Posts Tagged ‘ ikebana ’

Ikebana, Part 2

Sometimes a little flower arranging counts when there’s not enough time for crafts.

See also: Things I Can’t Make: Ichibana Vase by Don Lawson + Tiny Stencil Tutorial.

Things I Can’t Make: Ichibana Vase by Don Lawson + Tiny Stencil Tutorial

I’ve recently decided to expand the scope of my blog with a category that features “things I can’t make.”  Since evenings are my favorite time to work on arts & crafts, my work hours often preclude me from creating much during my work week, but I figure that shouldn’t stop me blogging.  The “Things I Can’t Make” feature will share some the interesting pieces of art I buy or am gifted because, frankly, I couldn’t make them myself.  I think it will be a great way to introduce my readers to some awesome artisans I’ve discovered.

I can’t do woodworking, for example.  I recently admired this Japanese-style ikebana vase while window shopping with my mom in Auburn, CA, and on her last trip to San Francisco, she surprised me with it as a gift-for-no-special-occasion (my mom’s the best!).  The vase was crafted from maple wood by Nevada City artist Don Lawson.  The metal dish that rests in the wood is known as a kensan — a component of flower arranging that features densely packed metal spikes that can support individual branches or flowers.  I encourage you to look up ikebana; it’s a very beautiful art form that can be both minimalist and very elaborate.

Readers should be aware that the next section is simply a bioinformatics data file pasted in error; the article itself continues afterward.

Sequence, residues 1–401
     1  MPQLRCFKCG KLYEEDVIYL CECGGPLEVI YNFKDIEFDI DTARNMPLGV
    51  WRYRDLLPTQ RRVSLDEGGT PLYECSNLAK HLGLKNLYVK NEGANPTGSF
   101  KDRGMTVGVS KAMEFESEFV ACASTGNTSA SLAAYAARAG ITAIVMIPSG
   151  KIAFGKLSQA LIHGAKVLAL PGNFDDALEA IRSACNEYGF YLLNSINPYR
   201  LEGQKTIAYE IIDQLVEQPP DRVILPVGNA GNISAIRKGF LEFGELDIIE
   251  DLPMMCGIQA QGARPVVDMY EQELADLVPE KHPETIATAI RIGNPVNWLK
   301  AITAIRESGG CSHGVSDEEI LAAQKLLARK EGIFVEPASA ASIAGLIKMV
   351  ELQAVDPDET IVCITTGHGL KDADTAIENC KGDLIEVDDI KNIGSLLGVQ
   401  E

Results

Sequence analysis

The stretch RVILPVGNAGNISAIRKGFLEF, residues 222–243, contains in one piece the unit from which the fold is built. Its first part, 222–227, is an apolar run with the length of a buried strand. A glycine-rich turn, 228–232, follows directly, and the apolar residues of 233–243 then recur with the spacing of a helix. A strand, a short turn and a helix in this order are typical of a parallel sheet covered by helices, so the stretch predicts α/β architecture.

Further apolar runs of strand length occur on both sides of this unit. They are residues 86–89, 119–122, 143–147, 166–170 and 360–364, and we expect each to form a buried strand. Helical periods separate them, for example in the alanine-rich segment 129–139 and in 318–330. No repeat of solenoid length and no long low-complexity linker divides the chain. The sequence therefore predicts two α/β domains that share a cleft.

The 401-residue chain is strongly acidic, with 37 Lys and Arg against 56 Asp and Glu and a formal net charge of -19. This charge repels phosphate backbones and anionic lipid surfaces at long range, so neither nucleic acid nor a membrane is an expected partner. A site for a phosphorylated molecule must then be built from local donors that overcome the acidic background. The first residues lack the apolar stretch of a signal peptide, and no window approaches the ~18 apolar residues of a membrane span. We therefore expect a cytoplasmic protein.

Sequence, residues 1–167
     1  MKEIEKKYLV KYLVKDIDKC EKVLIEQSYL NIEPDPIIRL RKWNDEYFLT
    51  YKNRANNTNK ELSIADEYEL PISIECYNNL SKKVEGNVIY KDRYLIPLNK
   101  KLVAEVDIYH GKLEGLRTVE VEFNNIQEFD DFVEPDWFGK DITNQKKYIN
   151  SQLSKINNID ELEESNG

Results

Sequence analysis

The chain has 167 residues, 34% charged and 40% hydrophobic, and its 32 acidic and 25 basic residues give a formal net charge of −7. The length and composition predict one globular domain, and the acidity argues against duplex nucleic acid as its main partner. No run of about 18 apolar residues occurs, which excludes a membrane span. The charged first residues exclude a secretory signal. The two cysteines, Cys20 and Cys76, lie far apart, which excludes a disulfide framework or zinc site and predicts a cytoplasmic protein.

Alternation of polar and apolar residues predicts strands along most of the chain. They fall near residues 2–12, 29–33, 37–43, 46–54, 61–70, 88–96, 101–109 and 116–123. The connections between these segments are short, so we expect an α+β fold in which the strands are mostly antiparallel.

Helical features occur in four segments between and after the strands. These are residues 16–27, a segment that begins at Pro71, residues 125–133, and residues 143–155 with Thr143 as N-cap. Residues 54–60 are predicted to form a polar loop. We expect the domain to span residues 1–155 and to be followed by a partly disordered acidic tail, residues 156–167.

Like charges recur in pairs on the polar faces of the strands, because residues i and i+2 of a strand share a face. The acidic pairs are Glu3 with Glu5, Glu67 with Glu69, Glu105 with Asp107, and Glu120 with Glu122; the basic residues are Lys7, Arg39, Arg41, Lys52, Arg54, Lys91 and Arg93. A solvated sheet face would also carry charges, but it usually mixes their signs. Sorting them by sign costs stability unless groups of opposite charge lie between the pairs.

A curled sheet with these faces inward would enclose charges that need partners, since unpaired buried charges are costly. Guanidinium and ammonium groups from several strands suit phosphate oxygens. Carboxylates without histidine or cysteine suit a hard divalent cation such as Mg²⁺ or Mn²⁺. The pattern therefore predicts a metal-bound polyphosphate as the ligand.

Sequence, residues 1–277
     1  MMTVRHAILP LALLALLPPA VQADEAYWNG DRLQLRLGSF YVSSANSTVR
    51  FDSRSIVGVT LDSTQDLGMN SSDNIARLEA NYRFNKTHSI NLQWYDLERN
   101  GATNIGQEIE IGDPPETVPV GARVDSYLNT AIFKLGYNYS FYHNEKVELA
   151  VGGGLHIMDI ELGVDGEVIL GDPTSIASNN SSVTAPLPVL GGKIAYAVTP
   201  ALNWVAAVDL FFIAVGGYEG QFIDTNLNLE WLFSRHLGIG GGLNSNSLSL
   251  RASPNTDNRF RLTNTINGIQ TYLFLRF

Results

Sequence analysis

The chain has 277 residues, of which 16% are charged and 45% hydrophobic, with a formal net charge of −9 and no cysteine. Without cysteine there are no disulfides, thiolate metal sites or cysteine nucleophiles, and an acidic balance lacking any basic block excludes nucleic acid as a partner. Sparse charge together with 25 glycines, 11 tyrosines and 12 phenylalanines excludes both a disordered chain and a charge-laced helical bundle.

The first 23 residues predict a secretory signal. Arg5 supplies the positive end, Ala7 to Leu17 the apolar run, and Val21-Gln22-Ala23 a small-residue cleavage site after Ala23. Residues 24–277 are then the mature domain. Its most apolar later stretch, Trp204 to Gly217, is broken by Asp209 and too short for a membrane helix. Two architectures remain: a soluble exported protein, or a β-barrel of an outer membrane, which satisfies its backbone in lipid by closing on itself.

Tiny Stencil Tutorial

I’ve stenciled a few rocks recently because it’s a very quick and easy craft.  They make nice paperweights, pretty little decorations, or gifts.  You’ll need:

  • contact paper and sharpie
  • x-acto knife
  • spray paint
  • rocks

Draw your tiny design on the contact paper with a fine-point sharpie.  Carefully cut out the design with your x-acto knife and stick it to the rock.  The contact paper will likely only adhere to one side of the rock, so before you spray paint, hold a piece of paper or card stock over any exposed areas so the spray paint will only get on the stencil-design. Spray your design.  After allowing the paint to dry a few minutes, remove the contact paper and enjoy your tiny design.